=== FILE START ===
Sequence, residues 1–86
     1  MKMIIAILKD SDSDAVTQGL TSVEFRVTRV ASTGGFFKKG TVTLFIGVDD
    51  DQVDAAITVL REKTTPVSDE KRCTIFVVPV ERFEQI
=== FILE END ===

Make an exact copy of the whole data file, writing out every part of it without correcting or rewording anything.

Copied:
Sequence, residues 1–86
     1  MKMIIAILKD SDSDAVTQGL TSVEFRVTRV ASTGGFFKKG TVTLFIGVDD
    51  DQVDAAITVL REKTTPVSDE KRCTIFVVPV ERFEQI